Demolition of the old Phoenix stadium next to Oberlin High School is underway.
Both bleachers and buildings at the Oberlin High School field will be completely gone by the week of Dec. 20, said Tim Rini of Greenspace Construction.
The former football field, tennis courts and southern part of the parking lot will be used for the footprint of Oberlin’s new elementary school, which will be home to preschool through fifth grade.
The Board of Education plans to spend about $17.76 million on the new facility.
It will include a much-debated expanded gym, which will add to the cost of the school.
A field house is not in the cards, following a price estimate of up to $3.5 million. Doubling the footprint of the state-funded gym will cost about $1 million.
That money and about $500,000 more for flooring upgrades and outdoor canopies was moved last Tuesday out of the district’s rainy day savings fund.
“I think it’s the right move,” school board member Barry Richard said of springing for the larger gym. “The 3,900 square feet’s too small, with what the state’s giving us. Doubling it makes a lot of sense.”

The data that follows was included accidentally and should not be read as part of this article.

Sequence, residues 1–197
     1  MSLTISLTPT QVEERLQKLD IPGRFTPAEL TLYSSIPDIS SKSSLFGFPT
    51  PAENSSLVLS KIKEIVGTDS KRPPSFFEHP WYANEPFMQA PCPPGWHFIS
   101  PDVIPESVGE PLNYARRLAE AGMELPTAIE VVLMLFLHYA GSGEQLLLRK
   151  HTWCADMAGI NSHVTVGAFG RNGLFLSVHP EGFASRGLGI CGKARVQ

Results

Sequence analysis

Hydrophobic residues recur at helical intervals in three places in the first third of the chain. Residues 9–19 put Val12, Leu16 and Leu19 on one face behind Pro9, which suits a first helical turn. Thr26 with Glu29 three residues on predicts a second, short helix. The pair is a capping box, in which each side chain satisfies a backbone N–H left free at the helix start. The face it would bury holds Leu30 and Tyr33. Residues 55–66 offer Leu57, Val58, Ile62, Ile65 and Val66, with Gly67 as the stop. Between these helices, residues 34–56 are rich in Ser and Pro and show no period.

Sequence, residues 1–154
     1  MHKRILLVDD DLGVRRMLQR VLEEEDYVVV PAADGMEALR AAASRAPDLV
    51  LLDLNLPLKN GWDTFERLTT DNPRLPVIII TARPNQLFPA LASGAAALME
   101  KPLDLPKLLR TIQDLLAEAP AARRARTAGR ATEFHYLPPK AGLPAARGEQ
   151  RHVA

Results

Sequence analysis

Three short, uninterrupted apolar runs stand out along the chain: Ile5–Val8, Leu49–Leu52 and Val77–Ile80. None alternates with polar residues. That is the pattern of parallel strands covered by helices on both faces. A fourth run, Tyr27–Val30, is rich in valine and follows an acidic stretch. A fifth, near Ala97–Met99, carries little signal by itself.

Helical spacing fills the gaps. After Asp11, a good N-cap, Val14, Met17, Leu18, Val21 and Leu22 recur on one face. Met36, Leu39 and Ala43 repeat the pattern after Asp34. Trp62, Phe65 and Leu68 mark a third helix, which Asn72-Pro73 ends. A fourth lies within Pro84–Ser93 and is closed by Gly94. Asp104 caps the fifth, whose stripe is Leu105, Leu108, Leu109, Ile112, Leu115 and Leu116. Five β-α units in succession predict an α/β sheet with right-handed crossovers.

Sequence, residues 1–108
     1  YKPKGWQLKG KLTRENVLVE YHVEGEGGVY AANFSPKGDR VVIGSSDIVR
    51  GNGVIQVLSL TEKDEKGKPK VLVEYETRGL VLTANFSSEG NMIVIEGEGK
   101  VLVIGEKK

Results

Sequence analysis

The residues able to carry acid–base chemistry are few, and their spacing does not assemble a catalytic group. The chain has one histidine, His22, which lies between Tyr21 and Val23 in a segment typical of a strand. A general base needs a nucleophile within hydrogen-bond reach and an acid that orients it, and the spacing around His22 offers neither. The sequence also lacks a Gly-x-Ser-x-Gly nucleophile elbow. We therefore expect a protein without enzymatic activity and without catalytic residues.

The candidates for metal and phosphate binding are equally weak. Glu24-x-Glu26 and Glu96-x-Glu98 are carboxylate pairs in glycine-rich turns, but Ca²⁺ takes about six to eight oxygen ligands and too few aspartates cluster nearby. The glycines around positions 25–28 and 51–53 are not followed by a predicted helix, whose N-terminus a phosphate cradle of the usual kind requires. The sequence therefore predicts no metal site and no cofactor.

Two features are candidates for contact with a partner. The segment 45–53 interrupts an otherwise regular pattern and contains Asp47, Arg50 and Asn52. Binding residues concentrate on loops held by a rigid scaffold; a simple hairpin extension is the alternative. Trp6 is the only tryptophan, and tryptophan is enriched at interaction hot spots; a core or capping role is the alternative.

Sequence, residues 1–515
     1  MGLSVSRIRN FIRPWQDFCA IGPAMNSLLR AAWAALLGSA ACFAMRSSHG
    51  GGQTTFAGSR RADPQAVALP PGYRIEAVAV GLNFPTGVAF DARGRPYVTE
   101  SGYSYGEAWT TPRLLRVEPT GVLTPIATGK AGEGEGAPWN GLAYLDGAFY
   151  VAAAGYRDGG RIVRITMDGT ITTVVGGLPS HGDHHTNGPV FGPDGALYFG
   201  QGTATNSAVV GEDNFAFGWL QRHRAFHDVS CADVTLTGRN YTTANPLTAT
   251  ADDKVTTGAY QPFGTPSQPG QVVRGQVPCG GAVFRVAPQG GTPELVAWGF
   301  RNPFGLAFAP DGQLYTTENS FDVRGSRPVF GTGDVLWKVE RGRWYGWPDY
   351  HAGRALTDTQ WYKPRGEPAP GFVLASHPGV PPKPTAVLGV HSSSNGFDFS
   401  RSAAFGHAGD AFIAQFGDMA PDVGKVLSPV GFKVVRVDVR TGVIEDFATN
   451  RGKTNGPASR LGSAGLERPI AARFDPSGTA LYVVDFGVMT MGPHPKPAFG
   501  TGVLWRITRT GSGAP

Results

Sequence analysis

Superintendent David Hall said the larger gym will give students more space to run. It can also be used after school.
“We will use it. It will allow additional community use as well,” he said.
A new stadium is not in the works.
Board member Ken Stanley has said there are no plans to replace the stadium. Hall and others have left the question a little more nebulous, saying a new home for the Phoenix could be part of another phase of campus construction, but it would be at least six years down the road.
For the foreseeable future, varsity football games will continue to be played at Oberlin College, which this year charged the public schools $1,050 per game to use its field. Athletic Director John Carter has been negotiating a similar deal for next year.
Hall said ThenDesign Architecture has met several times in the past month with district staff to discuss how the new school’s construction will play out, including how parking will be handled.
That includes not just how to fit contractor, teacher and student vehicles during construction, but also making sure there are plenty of spots once the new school opens its doors.
For now, Phoenix fans have been cleared to park on both sides of the Greenspace construction fence through basketball season. That will change once construction starts in March.
More space could be freed up at the nearby Pleasant Street School, which is marked for demolition.
Abbey Ranieri of ThenDesign Architecture said a demolition package will be put together by the end of the year. It will include abatement of asbestos and other hazardous materials.
Both the school and the district maintenance building on the same property will be torn down. The vacated space could be used for parking or practice fields.